There is “some evidence” that the new UK variant of coronavirus may be more deadly than the original strain, the Prime Minister has said.
Mathematicians have produced early findings by comparing death rates in people infected with either the new or the old versions of the virus.
However, Boris Johnson said evidence showed vaccines being rolled out across the UK were working against the variant, which first emerged in the south of England.
Its fast-spreading nature significantly contributed to the decisions to put Scotland and the other UK nations back into lockdown.
More than 600 coronavirus-linked deaths have been registered in Scotland over the past ten days, while 1480 new cases of Covid-19 were reported on Friday, with 2053 people currently in hospital with the virus.
In England, there are currently more than 38,000 people in hospital, with 1401 deaths recorded on Friday.
The Prime Minister told a Downing Street press conference: “We’ve been informed today that, in addition to spreading more quickly, it also now appears that there is some evidence that the new variant, the variant that was first identified in London and the south-east, may be associated with a higher degree of mortality.”
But he insisted the vaccines being rolled out across the UK still appeared to work on the variant.
Johnson said: “All current evidence continues to show that both the vaccines we’re currently using remain effective both against the old variant and this new variant.”
Scientists are concerned the mutant coronavirus strain which emerged in south east England may be more deadly than the original.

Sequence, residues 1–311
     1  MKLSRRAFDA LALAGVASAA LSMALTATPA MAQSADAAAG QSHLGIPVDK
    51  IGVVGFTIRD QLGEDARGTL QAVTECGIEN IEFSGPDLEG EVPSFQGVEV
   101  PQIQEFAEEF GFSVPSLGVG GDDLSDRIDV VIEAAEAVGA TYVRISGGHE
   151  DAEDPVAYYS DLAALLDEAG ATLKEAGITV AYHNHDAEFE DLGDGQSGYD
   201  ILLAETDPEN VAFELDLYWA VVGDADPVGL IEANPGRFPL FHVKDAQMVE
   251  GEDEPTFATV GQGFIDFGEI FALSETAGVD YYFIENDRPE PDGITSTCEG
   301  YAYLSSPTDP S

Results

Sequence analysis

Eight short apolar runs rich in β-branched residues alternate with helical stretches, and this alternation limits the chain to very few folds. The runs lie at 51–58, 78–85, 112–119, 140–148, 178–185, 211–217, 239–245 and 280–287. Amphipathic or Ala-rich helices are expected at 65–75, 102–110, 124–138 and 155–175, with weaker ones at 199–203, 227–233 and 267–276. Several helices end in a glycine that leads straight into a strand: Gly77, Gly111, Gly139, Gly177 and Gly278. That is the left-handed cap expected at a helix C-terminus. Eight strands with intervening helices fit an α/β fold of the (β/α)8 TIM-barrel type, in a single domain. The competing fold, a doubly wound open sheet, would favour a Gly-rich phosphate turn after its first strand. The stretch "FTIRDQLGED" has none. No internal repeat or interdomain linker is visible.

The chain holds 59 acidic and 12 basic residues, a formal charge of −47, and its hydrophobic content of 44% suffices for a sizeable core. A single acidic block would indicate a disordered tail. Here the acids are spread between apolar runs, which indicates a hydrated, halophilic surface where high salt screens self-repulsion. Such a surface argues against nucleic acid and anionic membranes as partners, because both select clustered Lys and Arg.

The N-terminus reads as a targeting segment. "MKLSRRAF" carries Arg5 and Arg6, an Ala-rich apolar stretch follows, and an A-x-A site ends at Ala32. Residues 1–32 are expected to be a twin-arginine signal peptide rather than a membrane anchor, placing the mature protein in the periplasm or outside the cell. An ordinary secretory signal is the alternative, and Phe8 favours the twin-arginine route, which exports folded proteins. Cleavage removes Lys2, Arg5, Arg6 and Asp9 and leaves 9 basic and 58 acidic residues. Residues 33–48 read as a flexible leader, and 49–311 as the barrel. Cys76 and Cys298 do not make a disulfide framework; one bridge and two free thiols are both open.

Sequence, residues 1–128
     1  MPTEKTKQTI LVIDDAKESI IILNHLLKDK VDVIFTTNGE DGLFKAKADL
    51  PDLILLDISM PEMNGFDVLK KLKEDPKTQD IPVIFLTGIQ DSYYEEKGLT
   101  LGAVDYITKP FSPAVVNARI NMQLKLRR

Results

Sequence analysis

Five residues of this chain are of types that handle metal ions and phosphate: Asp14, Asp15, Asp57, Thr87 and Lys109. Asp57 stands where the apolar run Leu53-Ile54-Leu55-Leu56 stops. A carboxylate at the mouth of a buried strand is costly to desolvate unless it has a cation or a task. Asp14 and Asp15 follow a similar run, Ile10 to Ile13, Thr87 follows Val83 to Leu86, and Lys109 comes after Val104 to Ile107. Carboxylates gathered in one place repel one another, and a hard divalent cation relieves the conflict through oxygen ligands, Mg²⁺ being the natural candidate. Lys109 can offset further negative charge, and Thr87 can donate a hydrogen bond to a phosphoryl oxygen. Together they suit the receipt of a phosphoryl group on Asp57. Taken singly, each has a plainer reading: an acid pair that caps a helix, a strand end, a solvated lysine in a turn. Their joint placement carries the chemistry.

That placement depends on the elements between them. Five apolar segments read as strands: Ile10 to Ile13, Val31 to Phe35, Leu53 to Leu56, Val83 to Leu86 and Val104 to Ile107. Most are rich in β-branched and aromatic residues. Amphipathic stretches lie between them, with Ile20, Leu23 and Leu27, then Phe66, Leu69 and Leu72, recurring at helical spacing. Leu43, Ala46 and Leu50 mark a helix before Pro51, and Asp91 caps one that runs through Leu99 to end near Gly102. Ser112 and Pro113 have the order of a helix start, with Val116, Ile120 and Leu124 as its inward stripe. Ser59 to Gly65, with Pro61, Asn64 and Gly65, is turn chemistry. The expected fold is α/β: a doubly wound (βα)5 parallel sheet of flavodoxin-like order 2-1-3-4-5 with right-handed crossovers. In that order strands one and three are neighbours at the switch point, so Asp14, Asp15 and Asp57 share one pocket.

The UK’s chief scientific adviser Sir Patrick Vallance said the coronavirus variant which emerged in Kent is “a common variant comprising a significant number of cases” and transmits between 30% and 70% more easily than the original virus.
He told a Downing Street press conference on Friday that among people who have tested positive for Covid-19, there is “evidence that there is an increased risk” of death for those who have the new variant compared with the old virus.
Vallance said: “(For the original version of the virus), if you took a man in their 60s, the average risk is that for a thousand people who got infected, roughly 10 would be expected to unfortunately die … with the new variant, for a thousand people infected, roughly 13 or 14 people might be expected to die.
“That’s the sort of change for that sort of age group.”
His comments come after Professor Neil Ferguson, of Imperial College London, told Robert Peston: “It is a realistic possibility that the new UK variant increases the risk of death, but there is considerable remaining uncertainty.
“Four groups – Imperial, LSHTM (London School of Hygiene and Tropical Medicine), PHE (Public Health England), and Exeter – have looked at the relationship between people testing positive for the variant vs old strains and the risk of death.
“That suggests a 1.3-fold increased risk of death.
“So for 60-year-olds, 13 in 1,000 might die compared with 10 in 1,000 for old strains.
“The big caveat is that we only know which strain people were infected with for about 8% of deaths.”